But regardless of class, do men, or at least male readers, actually want a look-in? Whenever I speak to men in their 20s, 30s and 40s, most tell me they couldn’t give a toss about fiction, especially literary fiction. They have video games, YouTube, nonfiction, podcasts, magazines, Netflix. Megan Nolan, whose debut novel, Acts of Desperation, is one of this year’s biggest literary hits, says: “The only men I know who actively seek out and read fiction work in that field. I don’t think many men I know would read more than one novel every two years.”
Nolan wonders if it’s “inherently less cool” to be a male novelist these days and thinks men are missing a “cool, sexy, gunslinger” movement in fiction that rivals the scene in the 80s and 90s. “It’s unlikely now that you would have a male novelist on the cover of a non-literary magazine – as in a cultural figure who’s aspirational,” she says.
Nolan agrees that this cultural shift has coincided with “a momentous, dramatic influx of young women”. But that’s because “it’s only relatively recent that you could have fiction written by a woman about intimate subjects like sex – and for it to be classed as literary fiction”.
Her novel, about a 20-something woman in a controlling relationship with a man, has been praised for its honest and visceral portrait of female desire. Does she think women currently feel less inhibited than men to write about sex? “I think I feel less cautious than if I was in the same position as a man. I would probably feel more wary about the way I write. You still get some backlash, but it’s not like you’re a terrible person. It’s just a bit embarrassing.”
Male writers definitely seem to be feeling more reticent about sex. Choire Sicha argued more than a decade ago in the New York Observer that his generation of male novelists (Jonathan Safran Foer, Joshua Ferris, Dave Eggers) had become emasculated. They were “malformed, self-centered boy-writers” – anti-Mailers who shied away from sex and controversy.
Fast-forward to the summer of 2020 and the novelist Luke Brown, author of last year’s Theft – a comedy of manners about sexualised class war – argued that only women have the freedom to present sexual relationships in ways that are “real and complex” (he singled out Sally Rooney, Gwendoline Riley and Lisa Halliday). Writing in the Times Literary Supplement, he said that heterosexual male desire had been linked so closely to abuses of power that “no sensible man is impolitic enough” to write honestly about the more unpalatable aspects of their experiences of love with women.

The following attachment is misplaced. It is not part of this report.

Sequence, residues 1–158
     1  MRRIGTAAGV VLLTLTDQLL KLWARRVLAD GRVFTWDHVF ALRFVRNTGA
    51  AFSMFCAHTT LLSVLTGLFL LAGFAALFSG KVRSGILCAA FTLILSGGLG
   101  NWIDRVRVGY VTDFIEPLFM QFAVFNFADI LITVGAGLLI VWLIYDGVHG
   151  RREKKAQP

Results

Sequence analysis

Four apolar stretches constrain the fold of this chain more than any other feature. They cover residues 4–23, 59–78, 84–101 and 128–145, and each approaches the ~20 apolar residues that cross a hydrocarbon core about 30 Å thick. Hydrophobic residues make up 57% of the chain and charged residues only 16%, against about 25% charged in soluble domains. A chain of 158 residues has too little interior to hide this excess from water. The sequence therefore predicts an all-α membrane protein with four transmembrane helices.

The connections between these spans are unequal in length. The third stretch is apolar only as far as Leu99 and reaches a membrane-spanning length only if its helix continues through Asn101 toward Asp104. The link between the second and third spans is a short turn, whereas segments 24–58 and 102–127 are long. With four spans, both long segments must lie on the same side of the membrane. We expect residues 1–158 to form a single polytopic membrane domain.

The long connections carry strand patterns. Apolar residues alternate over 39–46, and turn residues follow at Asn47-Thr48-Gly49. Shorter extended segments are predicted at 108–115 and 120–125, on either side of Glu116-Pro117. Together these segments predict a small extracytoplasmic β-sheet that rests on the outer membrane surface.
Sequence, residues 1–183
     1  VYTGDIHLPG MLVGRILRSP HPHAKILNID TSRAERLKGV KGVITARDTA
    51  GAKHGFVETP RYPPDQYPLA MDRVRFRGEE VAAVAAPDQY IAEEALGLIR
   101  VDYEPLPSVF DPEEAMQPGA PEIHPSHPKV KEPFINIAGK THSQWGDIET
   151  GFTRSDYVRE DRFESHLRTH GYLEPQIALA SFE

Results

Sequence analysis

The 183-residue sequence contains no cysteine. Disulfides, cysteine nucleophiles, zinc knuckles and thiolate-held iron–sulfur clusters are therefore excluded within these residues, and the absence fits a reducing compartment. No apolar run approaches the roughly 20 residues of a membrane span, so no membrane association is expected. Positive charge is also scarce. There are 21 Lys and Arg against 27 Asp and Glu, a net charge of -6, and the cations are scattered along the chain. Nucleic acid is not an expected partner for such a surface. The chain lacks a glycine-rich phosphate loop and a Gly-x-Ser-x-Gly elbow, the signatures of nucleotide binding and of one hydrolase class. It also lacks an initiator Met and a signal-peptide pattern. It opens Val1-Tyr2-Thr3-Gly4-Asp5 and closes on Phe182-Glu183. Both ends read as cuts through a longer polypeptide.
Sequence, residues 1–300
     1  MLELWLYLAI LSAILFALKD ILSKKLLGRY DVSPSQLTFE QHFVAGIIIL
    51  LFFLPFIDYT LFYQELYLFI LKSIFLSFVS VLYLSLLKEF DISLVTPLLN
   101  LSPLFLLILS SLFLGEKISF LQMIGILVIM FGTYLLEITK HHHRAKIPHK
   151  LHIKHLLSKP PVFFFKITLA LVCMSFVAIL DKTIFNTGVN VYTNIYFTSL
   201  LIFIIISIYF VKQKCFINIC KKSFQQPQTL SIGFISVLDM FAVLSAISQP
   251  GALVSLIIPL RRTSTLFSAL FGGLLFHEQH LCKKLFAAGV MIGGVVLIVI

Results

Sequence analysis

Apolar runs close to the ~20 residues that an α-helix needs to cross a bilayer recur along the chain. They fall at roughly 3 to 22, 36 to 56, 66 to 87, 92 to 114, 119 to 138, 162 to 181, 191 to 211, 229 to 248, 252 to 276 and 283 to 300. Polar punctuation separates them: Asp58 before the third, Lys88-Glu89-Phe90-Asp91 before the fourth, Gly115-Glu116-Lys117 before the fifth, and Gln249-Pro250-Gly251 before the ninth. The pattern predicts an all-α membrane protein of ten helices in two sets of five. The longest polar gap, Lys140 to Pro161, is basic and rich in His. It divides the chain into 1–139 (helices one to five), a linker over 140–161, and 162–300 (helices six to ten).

Men think that to be allowed a place at the table, they need to have the right views and be these nice guys
Rob Doyle, author
The only outlier to this trend, Brown suggested, is the Irish writer Rob Doyle, whose second novel, Threshold (2020), is by his own description a “gloves-off, messy exploration of my own damaged male psyche and masculinity itself”. But Doyle believes that as a male novelist writing honestly about sex, “You’re kind of despised. It can feel a bit like having some weird contagion, that you ring a bell when you come into town, and people can clear out.”
He sympathises with readers who are turning away from fiction by men, partly because “the whole 20th century was a pretty close examination of male sexual desire”, but mainly because he believes that today’s male writers are “running scared” and “pandering” to what they think women want. “They think that to be allowed a place at the table, they need to have the right views and be these nice guys. They’re in danger of rendering themselves even less worth reading than they are already.”
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Not all young male authors recognise this as a grim time for men writing fiction. Sam Byers, who published his third novel, Come Join Our Disease, in March, is a 42-year-old man who is thriving in the modern publishing world. He believes we’re living through a particularly fertile time for literature that’s largely thanks to women breaking down traditional forms. He praises Rachel Cusk’s experiments in autofiction, Eimear McBride’s new approach to modernism, and Elena Ferrante’s “big, history-spanning state-of-the-nation novel”, which people used to only associate with the big male beasts of fiction.